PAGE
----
The FRED graph above shows retail sales for the last year and a half. Of course, the pandemic has had a huge impact, with a severe drop and a quick recovery. But the retail sector is large and diverse. So let’s look at various layers of it.
This graph is one of the strangest looking ones we’ve ever shown on this blog. And it tells very different stories. Let’s go through them one by one. (Hover over the legend in the graph to better see the respective lines.)
Grocery store sales actually surged with the pandemic. This is likely linked to the substitution from eating out to eating at home, which we discussed earlier on this blog.
Alcohol sales increased as well, as discussed in another post.
Pharmacies and drug stores are also doing well, likely due to a higher demand for prevention goods.
Men’s clothing has been a disaster, bottoming out in April 2020 at 12% of its January 2020 sales (after adjusting for seasonal variations).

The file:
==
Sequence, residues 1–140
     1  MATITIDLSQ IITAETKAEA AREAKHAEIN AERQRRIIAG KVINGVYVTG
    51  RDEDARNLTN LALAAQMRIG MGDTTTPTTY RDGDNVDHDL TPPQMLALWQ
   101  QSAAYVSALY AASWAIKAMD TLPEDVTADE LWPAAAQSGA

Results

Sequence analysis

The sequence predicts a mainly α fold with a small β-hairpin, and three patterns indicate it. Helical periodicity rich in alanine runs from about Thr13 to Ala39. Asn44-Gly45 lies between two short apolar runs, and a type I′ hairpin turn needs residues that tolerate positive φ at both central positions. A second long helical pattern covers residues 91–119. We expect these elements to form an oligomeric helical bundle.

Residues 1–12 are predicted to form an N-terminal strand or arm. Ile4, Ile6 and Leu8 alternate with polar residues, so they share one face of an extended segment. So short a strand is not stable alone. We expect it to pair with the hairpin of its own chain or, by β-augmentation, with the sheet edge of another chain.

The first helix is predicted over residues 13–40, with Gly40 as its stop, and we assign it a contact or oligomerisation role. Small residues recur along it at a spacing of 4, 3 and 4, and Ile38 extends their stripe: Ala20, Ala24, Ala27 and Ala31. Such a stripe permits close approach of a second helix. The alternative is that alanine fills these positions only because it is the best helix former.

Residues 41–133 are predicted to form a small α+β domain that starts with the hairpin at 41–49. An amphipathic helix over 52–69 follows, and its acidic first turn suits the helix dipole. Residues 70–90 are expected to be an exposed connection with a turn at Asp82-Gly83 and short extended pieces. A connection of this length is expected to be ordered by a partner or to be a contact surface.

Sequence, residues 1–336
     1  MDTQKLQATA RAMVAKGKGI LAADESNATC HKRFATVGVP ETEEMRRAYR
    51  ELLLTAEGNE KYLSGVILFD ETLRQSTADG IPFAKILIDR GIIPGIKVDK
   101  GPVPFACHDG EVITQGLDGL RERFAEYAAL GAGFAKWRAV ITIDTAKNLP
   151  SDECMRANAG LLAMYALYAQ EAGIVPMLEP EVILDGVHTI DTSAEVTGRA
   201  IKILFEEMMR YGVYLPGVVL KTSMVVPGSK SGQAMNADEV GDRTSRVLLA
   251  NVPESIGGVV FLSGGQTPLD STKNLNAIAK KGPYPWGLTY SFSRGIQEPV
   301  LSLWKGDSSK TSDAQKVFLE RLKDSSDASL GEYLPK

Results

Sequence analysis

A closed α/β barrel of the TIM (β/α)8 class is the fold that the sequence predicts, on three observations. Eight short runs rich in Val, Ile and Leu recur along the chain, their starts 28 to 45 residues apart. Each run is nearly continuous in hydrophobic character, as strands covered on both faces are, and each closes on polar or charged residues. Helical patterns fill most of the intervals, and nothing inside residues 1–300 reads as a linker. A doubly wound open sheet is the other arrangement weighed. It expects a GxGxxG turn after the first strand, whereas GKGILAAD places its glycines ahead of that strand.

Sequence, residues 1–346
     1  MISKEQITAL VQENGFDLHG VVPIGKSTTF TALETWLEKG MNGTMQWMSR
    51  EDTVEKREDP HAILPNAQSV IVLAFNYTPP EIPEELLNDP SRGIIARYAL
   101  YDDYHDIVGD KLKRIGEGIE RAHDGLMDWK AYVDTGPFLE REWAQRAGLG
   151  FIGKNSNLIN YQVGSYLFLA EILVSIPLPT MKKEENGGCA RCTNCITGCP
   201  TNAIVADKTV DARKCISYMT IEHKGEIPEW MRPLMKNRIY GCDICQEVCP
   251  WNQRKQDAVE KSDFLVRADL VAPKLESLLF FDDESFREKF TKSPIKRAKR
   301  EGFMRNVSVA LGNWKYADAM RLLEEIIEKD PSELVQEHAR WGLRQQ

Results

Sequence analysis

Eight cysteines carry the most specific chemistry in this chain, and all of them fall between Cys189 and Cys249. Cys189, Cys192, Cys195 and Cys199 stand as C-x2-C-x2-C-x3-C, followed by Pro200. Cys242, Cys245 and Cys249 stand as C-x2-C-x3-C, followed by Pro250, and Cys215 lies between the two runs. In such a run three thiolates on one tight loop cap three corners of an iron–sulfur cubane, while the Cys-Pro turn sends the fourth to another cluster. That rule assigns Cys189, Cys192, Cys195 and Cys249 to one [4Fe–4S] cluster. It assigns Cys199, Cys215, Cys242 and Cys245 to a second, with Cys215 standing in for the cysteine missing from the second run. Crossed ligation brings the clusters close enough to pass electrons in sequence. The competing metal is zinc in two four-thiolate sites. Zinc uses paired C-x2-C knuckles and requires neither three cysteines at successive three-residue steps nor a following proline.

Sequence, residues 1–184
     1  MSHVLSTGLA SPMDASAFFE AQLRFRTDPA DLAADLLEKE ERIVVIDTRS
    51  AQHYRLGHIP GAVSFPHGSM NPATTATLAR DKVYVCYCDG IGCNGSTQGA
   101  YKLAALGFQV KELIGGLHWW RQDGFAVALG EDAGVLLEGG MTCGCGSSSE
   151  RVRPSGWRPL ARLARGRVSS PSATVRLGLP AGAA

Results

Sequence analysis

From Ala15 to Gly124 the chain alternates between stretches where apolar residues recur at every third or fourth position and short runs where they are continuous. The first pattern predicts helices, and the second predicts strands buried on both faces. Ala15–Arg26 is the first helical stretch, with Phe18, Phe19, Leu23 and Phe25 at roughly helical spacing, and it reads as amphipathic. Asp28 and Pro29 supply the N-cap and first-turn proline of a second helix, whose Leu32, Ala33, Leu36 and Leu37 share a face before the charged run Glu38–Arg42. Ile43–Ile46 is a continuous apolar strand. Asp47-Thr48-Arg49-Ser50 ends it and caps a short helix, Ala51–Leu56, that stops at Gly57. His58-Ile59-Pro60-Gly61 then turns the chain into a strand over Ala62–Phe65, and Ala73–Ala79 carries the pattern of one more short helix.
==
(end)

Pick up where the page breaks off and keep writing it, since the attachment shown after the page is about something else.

Sporting goods sales fell by half but are now higher than before. Whether this rise was caused by simply catching up on postponed sales remains to be seen.
Warehouse clubs and superstores did well initially and are now back to normal.
Online and mail-order shopping… It’s no surprise this area is doing well, but it hasn’t been exploding as much as some may think.
The sectors we highlighted here are special in some ways, but there’s much more to explore from the Monthly Retail Sales release table.
How these graphs were created: For both graphs, start from the release table. For the first graph, simply click on the retail sales excluding food services and restrict the sample to 2019-01-01 to 2020-06-01. For the second graph, check the relevant series, click on “Add to Graph”; from the “Edit Graph” panel, change units to 100 for 2020-01-01, click “Apply to all,” and restrict the sample period to 2019-01-01 to 2020-06-01.
Suggested by Christian Zimmermann.